Document Detail


A prospective study of thyroid function, bone loss, and fractures in older men: The MrOS study.
MedLine Citation:
PMID:  23018684     Owner:  NLM     Status:  MEDLINE    
Abstract/OtherAbstract:
Excess thyroid hormone is associated with increased bone loss and fracture risk in older women, but few data exist for men. We sought to determine if thyroid function is independently associated with bone loss and fracture risk in older men. Data were analyzed from the Osteoporotic Fractures in Men (MrOS) study, a cohort of community-dwelling U.S. men aged 65 years and older. Using a case-cohort design, fasting baseline serum archived at -80°C was assayed for thyroid-stimulating hormone (thyrotropin) (TSH) and free thyroxine (FT4) in 397 men with confirmed nonspine fracture, including 157 hip fractures, and 1420 randomly selected men without fracture. TSH and FT4 were analyzed as continuous variables and as thyroid function categories (subclinical hyperthyroid, euthyroid, and subclinical hypothyroid). Hip dual-energy X-ray absorptiometry (DXA) (Hologic QDR4500) was measured at baseline and after a mean follow-up of 4.6 years. Incident nonspine fractures were centrally adjudicated. Bone loss was evaluated with multivariate regression methods and fractures risk was evaluated using hazard models that accounted for the case-cohort sampling, adjusted for age, clinic-site, body mass index (BMI), race, physical activity, corticosteroid use, smoking, alcohol intake, and thyroid medication use. In fully adjusted analyses, TSH was not associated with risk of nonspine fracture (relative hazard [RH] 0.92 per SD decrease in TSH; 95% confidence interval [CI], 0.74-1.14), but was significantly associated with risk of hip fracture (RH 1.31; 95% CI, 1.01-1.71), which persisted among normal range TSH values (RH 1.21; 95% CI, 1.00-1.47). There was no association between TSH or FT4 and bone loss, and fracture risk did not differ significantly by thyroid function category. We conclude that although neither TSH nor FT4 are associated with bone loss, lower serum TSH may be associated with an increased risk of hip fractures in older men.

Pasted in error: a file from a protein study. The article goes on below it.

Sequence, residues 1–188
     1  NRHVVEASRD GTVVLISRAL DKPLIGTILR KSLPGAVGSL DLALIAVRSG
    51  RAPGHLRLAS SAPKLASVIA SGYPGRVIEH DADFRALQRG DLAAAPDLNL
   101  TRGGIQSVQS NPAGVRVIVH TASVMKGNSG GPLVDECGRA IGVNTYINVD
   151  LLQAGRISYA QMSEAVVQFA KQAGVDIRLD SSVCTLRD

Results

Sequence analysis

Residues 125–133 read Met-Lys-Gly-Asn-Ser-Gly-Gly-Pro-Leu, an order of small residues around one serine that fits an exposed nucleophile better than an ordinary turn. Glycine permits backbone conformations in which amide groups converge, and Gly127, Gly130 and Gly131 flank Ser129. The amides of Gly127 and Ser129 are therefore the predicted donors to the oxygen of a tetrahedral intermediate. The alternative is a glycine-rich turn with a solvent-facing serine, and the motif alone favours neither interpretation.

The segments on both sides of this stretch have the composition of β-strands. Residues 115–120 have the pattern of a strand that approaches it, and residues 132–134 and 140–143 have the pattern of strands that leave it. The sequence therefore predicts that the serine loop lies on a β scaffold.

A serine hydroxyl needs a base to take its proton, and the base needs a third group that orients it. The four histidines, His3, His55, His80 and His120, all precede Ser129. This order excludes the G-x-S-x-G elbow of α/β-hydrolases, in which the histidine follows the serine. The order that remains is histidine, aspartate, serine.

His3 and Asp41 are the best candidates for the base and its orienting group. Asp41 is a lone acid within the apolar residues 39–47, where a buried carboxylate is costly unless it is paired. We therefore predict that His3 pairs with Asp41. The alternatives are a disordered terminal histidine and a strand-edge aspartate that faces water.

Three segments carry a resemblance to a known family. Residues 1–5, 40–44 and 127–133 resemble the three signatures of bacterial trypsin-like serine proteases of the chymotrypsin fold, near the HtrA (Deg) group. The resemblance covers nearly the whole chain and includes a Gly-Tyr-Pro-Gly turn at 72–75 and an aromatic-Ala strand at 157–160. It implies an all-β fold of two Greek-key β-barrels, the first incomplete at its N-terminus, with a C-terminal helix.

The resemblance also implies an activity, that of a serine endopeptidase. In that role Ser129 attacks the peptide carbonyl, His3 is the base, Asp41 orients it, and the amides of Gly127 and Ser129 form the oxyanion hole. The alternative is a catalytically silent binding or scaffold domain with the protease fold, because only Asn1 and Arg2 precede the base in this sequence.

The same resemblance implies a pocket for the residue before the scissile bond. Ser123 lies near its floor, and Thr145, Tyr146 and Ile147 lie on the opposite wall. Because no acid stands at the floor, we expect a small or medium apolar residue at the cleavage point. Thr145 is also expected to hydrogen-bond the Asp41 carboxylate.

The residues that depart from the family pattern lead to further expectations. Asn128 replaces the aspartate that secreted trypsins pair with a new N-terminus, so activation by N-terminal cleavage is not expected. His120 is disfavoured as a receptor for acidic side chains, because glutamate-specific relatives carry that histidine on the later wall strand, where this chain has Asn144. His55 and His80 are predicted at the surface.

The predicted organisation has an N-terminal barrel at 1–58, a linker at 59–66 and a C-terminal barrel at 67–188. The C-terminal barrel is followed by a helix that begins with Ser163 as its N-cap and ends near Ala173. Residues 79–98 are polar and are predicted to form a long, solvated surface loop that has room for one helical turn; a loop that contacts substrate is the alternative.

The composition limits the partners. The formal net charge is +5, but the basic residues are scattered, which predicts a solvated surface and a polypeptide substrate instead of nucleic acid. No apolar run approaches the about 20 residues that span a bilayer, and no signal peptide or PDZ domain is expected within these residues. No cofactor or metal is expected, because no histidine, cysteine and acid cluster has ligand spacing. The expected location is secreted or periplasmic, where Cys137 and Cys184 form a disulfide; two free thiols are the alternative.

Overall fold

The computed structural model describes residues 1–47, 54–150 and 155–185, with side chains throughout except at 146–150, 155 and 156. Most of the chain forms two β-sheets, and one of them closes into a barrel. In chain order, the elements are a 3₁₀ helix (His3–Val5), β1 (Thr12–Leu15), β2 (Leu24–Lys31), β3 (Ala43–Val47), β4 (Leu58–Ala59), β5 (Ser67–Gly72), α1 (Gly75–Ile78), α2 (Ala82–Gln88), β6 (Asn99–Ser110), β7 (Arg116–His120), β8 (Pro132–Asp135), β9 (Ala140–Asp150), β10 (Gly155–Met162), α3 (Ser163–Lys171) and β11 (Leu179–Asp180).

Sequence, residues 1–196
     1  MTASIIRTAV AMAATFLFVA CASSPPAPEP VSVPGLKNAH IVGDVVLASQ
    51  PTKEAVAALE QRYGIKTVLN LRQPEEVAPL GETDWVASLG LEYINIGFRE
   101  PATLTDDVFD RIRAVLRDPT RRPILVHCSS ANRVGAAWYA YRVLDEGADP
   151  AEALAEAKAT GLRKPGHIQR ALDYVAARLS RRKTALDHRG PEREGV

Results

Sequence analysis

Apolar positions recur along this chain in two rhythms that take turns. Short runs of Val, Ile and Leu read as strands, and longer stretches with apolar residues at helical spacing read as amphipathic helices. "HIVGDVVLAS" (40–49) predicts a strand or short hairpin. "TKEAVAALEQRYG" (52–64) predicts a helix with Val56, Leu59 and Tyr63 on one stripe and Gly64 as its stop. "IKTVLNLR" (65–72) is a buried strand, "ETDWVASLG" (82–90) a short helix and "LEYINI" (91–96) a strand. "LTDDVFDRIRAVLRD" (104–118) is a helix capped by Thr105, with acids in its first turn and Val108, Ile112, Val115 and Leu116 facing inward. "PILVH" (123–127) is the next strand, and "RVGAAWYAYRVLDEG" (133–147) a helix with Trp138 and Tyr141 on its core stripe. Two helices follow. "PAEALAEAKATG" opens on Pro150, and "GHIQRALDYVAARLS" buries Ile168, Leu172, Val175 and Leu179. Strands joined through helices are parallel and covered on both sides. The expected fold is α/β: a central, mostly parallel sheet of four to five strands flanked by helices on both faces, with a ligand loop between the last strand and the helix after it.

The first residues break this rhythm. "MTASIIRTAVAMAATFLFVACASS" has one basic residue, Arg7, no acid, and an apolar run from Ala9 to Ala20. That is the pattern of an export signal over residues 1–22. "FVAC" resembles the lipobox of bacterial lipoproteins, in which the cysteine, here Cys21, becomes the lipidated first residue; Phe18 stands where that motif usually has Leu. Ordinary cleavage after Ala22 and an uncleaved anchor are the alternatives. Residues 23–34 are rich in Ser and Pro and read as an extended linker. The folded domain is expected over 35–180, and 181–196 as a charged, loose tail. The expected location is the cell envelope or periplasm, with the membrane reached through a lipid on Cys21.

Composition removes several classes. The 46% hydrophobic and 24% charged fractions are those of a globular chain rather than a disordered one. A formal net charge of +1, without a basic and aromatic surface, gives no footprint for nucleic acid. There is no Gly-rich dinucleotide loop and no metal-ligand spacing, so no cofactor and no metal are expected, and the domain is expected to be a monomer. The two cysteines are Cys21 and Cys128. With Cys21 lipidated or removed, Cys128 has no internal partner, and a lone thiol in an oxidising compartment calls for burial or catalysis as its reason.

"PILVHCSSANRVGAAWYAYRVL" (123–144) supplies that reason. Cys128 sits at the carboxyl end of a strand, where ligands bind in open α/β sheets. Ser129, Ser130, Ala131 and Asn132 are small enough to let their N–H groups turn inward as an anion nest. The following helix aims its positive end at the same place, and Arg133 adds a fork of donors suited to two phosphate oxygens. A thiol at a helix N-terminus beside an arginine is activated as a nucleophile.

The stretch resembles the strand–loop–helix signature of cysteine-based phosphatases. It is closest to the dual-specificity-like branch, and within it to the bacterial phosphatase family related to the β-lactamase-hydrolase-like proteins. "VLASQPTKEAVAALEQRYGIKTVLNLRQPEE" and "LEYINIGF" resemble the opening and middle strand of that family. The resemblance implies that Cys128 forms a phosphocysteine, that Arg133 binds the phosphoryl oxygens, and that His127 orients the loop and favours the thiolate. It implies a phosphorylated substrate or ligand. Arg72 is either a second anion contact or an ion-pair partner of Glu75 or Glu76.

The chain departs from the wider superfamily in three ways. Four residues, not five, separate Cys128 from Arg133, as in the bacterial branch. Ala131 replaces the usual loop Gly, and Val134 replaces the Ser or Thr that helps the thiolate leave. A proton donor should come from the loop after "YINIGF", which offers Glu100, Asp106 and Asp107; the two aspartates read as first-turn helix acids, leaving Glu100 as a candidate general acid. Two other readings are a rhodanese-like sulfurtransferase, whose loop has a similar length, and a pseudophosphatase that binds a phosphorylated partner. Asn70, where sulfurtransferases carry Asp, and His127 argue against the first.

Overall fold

Authors:
Avantika C Waring; Stephanie Harrison; Howard A Fink; Mary H Samuels; Peggy M Cawthon; Joseph M Zmuda; Eric S Orwoll; Douglas C Bauer;
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Publication Detail:
Type:  Journal Article; Research Support, N.I.H., Extramural    
Journal Detail:
Title:  Journal of bone and mineral research : the official journal of the American Society for Bone and Mineral Research     Volume:  28     ISSN:  1523-4681     ISO Abbreviation:  J. Bone Miner. Res.     Publication Date:  2013 Mar 
Date Detail:
Created Date:  2013-02-18     Completed Date:  2013-08-29     Revised Date:  2014-08-06    
Medline Journal Info:
Nlm Unique ID:  8610640     Medline TA:  J Bone Miner Res     Country:  United States    
Other Details:
Languages:  eng     Pagination:  472-9     Citation Subset:  IM    
Copyright Information:
Copyright © 2013 American Society for Bone and Mineral Research.
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MeSH Terms
Descriptor/Qualifier:
Absorptiometry, Photon
Aged
Fractures, Bone / physiopathology*
Humans
Male
Osteoporosis / physiopathology*
Prospective Studies
Thyroid Function Tests*
Thyroid Hormones / blood
Grant Support
ID/Acronym/Agency:
K24 AR051895/AR/NIAMS NIH HHS; U01 AG18197/AG/NIA NIH HHS; U01 AR45580/AR/NIAMS NIH HHS; U01 AR45583/AR/NIAMS NIH HHS; U01 AR45614/AR/NIAMS NIH HHS; U01 AR45632/AR/NIAMS NIH HHS; U01 AR45647/AR/NIAMS NIH HHS; U01 AR45654/AR/NIAMS NIH HHS; U01-AG027810/AG/NIA NIH HHS; UL1 RR024140/RR/NCRR NIH HHS
Chemical
Reg. No./Substance:
0/Thyroid Hormones
Comments/Corrections

From MEDLINE®/PubMed®, a database of the U.S. National Library of Medicine


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